G Wolf PHD; S Schindler; A Koch; N Abolmaali MD.
Diffusion-weighted MRI for tumour volume delineation: Comparison with morphological MRI
Article first published online: 9 JUN 2010
© 2010 The Authors. Journal compilation © 2010 The Royal Australian and New Zealand College of Radiologists
Journal of Medical Imaging and Radiation Oncology
Volume 54, Issue 3, pages 194–201, June 2010
How to Cite
Wolf, G., Schindler, S., Koch, A. and Abolmaali, N. (2010), Diffusion-weighted MRI for tumour volume delineation: Comparison with morphological MRI. Journal of Medical Imaging and Radiation Oncology, 54: 194–201. doi: 10.1111/j.1754-9485.2010.02159.x
Conflicts of interest: None.
- Issue published online: 9 JUN 2010
- Article first published online: 9 JUN 2010
- Submitted 13 November 2009; accepted 5 January 2010.
- diffusion magnetic resonance imaging;
- experimental neoplasm;
- observer variation;
- therapy planning;
- tumour volume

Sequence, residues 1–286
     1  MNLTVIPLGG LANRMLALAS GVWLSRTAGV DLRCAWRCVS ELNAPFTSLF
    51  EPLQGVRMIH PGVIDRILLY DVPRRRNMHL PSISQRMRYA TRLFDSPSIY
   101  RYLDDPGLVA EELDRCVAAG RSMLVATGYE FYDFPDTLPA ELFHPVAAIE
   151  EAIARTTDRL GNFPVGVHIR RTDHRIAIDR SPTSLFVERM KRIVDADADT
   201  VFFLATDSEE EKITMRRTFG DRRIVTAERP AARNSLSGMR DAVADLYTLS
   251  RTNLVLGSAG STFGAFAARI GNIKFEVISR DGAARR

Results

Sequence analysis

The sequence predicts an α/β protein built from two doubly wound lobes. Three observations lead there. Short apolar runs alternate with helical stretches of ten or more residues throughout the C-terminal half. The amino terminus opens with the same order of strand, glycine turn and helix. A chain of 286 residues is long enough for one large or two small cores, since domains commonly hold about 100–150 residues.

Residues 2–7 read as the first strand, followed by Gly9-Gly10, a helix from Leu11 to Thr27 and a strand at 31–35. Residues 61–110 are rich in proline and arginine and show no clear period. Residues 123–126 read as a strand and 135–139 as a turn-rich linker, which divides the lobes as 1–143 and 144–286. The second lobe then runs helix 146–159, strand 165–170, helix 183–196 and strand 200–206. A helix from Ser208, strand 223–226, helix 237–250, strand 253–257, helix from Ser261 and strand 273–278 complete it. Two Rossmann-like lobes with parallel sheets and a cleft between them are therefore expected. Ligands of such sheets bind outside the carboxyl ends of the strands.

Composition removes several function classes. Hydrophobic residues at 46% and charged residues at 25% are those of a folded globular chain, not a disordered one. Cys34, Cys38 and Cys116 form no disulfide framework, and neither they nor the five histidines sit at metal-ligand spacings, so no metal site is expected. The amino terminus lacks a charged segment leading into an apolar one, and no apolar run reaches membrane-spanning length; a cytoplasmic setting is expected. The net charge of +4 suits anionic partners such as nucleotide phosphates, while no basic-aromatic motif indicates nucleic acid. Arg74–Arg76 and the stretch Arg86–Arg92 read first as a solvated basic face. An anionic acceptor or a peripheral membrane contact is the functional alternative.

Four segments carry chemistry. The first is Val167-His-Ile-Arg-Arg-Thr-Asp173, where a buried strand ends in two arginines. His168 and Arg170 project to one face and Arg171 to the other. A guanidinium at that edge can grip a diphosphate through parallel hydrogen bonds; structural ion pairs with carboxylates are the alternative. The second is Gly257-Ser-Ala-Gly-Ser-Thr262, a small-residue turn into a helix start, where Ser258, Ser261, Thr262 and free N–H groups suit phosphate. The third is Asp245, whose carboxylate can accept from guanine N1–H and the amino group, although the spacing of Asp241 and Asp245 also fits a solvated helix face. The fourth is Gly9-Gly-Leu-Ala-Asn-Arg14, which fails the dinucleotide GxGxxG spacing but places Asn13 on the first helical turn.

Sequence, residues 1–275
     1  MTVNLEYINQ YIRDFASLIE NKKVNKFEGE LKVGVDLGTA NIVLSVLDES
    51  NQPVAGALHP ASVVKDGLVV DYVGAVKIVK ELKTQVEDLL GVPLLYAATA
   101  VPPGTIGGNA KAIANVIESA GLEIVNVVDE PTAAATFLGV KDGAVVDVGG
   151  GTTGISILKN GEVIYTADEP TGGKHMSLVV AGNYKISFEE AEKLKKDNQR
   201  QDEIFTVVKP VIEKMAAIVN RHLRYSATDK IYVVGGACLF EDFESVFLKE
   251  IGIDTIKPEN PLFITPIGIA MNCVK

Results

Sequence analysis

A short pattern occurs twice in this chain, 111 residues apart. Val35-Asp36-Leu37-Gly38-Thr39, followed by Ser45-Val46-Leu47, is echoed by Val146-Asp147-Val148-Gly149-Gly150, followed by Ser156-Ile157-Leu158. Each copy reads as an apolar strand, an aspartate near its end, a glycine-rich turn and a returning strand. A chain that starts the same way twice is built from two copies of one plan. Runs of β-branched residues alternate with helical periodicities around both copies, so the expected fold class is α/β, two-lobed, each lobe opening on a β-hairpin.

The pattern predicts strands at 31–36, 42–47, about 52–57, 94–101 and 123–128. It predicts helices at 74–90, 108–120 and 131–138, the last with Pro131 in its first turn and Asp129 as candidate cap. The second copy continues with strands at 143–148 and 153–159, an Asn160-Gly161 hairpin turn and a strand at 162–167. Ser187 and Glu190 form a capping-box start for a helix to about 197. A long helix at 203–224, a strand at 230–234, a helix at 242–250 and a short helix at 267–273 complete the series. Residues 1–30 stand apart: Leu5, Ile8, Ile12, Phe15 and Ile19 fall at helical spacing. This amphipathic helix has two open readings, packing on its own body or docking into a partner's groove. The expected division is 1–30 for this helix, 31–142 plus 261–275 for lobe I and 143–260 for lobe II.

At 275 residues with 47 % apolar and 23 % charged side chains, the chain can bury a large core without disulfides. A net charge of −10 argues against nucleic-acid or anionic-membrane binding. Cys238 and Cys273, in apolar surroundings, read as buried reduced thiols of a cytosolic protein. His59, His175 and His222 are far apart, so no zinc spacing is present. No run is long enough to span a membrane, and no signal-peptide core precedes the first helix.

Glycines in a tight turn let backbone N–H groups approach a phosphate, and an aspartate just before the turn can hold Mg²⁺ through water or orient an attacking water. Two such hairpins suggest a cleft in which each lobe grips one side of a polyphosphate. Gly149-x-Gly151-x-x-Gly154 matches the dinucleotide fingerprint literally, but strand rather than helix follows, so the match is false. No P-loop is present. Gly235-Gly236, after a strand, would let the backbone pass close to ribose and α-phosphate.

Diffusion-weighted magnetic resonance imaging (dwMRI) is sensitive to tissue microstructure on the cellular level and may therefore help to define biological tumour subvolumes and add complementary information to morphology-based cancer treatment protocols and therapy monitoring. The purpose of this study was therefore to evaluate the potential of dwMRI as compared with morphological MRI (mMRI) for tumour volume delineation using a nude rat human tumour xenograft model. Sixteen tumour-bearing rats (10 H1299, six FaDu) were examined with mMRI (T2-weighted true fast imaging with steady precession (TrueFISP), T1-weighted fast low angle shot (FLASH), T2-weighted dual echo steady state (DESS)) and echo-planar dwMRI in a clinical scanner at 1.5 T. For each method, we compared tumour volume and intra- and inter-observer variability of tumour outer edge delineation (disregarding intra-tumoural structure) as well as tumour signal-to-noise ratio (SNR) and tumour-to-muscle contrast-to-noise ratio (CNR). Tumours were visualised with significantly higher SNR and CNR in dwMRI. Median tumour volumes as measured by dwMRI (3.5 cm3) and mMRI (TrueFISP: 3.3 cm3; FLASH: 3.3 cm3; DESS: 3.2 cm3) were not significantly different and significantly correlated. Related to partial volume effects, the intra- and inter-observer variability of dwMRI (intra/inter: 12%/12%) was larger than for mMRI (TrueFISP: 4%/4%; FLASH: 5%/5%; DESS: 5%/5%). In conclusion, dwMRI allows tumour delineation with overall volume estimation comparable with mMRI approaches but slightly higher observer variability. Thus, besides tumour outline, it may potentially supplement morphology-based therapy planning and monitoring with additional biological information.